Media reported that even though drug driving is as dangerous as drink-driving, there are still few devices used for roadside marijuana use checks. But that could change, thanks to research by the University of Texas at Dallas. Led by Professor Shalini Prasad, scientists at the university are developing a system that combines a one-time test strip with a compact portable reader device.
Each strip contains two electrodes and is coated with a protein that binds only to tetrahydrocannabinol (THC), a psychoactive compound in cannabis. After applying a person’s saliva sample to the test paper, place the test paper in the reader, which will flow through the current. Because proteins exhibit different masses when combined with THC, the current increases depending on the number of compounds present in the sample. By measuring the increase, the reader is thus able to calculate the THC level in the blood, which is closely related to the THC level in saliva.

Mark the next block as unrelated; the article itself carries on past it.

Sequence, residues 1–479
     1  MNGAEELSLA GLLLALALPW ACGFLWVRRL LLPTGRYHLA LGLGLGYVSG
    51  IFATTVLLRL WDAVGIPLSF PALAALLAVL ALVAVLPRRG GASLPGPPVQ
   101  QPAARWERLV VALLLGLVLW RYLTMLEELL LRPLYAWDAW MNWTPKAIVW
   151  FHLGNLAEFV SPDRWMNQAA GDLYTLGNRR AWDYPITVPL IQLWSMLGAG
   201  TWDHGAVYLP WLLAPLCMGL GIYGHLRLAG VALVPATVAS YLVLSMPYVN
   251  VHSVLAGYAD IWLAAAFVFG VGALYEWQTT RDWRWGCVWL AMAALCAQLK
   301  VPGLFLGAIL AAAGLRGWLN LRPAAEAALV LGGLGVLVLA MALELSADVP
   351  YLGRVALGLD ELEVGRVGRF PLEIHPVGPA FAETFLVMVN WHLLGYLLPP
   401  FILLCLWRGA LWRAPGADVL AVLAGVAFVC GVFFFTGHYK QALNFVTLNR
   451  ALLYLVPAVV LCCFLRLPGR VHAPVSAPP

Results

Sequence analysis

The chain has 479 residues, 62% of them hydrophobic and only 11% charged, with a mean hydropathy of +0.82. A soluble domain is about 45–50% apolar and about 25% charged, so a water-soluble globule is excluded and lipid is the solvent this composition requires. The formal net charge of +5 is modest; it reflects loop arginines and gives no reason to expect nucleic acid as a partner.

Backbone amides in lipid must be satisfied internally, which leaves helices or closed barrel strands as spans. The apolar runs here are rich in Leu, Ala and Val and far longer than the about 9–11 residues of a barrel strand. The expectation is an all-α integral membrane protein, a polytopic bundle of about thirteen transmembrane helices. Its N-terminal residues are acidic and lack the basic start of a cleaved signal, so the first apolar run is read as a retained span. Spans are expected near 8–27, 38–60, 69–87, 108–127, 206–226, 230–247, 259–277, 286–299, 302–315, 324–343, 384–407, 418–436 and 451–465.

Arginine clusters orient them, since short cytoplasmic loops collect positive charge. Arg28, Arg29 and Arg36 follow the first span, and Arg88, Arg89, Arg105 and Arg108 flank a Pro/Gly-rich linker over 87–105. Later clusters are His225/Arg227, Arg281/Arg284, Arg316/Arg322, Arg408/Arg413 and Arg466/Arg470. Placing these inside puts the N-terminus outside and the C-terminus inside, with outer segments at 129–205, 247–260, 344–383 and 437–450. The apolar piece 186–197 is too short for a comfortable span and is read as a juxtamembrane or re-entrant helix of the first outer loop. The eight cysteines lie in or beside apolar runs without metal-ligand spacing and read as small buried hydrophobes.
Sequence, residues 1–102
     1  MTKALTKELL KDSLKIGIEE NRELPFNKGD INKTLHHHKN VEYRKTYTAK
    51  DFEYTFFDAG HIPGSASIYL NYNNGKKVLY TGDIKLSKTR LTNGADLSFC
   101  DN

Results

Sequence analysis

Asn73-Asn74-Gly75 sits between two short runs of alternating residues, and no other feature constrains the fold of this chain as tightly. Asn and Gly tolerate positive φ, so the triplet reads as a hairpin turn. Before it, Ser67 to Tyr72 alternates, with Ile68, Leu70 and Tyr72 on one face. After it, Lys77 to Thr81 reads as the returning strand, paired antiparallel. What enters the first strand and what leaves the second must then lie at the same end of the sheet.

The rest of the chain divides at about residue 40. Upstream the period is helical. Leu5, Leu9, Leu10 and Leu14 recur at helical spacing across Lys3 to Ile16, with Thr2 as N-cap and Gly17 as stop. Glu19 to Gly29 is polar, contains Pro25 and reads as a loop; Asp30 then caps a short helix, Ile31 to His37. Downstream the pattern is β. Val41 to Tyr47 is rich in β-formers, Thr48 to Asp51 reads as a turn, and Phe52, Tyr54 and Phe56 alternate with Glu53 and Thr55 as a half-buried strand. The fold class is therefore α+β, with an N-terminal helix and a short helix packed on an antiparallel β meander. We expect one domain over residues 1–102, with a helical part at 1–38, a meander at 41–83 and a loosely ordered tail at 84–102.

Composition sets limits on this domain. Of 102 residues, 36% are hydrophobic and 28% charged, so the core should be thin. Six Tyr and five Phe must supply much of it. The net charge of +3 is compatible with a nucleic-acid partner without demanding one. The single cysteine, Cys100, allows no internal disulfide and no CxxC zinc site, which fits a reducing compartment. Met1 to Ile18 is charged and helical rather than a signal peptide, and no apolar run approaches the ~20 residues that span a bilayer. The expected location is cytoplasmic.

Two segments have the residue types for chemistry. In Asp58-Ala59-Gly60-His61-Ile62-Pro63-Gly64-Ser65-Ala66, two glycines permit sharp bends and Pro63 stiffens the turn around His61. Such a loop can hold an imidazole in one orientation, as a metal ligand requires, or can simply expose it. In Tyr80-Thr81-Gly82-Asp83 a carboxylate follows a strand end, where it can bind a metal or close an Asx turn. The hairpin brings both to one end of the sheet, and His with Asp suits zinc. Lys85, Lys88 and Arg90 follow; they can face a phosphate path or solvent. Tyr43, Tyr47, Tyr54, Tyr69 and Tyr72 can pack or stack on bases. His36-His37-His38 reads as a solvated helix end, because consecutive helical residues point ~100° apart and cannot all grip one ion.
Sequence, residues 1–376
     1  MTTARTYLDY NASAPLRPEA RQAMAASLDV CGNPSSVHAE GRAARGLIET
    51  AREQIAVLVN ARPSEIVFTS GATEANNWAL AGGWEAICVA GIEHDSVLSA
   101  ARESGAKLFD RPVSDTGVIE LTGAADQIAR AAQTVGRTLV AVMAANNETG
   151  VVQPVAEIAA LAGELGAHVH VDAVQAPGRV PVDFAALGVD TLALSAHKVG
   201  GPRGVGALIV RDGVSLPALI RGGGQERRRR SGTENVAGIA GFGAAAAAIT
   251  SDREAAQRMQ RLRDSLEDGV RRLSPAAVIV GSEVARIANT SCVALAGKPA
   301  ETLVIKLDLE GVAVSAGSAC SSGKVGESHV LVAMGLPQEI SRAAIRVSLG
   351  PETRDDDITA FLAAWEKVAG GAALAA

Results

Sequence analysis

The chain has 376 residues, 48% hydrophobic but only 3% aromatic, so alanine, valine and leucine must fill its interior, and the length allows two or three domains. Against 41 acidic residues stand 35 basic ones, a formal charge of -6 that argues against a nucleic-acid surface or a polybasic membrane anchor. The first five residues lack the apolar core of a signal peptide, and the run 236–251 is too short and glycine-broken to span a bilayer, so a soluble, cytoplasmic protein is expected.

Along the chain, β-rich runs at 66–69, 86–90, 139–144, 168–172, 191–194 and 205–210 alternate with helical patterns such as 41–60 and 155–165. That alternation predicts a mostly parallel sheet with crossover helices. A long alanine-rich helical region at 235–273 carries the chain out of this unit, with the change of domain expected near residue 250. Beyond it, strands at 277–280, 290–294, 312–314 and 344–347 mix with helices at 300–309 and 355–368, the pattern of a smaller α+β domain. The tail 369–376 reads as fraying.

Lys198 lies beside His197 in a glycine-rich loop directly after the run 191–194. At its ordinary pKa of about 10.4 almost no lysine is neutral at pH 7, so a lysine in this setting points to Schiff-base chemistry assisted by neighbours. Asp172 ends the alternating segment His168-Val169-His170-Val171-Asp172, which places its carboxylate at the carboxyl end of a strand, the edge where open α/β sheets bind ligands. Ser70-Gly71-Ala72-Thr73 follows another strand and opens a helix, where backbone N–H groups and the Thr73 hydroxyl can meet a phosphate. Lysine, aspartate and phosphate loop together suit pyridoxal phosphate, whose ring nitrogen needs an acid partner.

The test procedure is reported to be performed in the field within five minutes and can measure THC levels ranging from 100 grams per milliliter to 100 ng per millilitre – previous studies have shown that a minimum of 1 to 15 ng/ml poses damage. “This is the first demonstration of a prototype device that can report low and high concentrations of tetrahydrocannabinol in a noninvasive, highly sensitive and specific manner,” she said. “
The study was recently presented on the American Chemical Society’s SciMeetings online demo platform.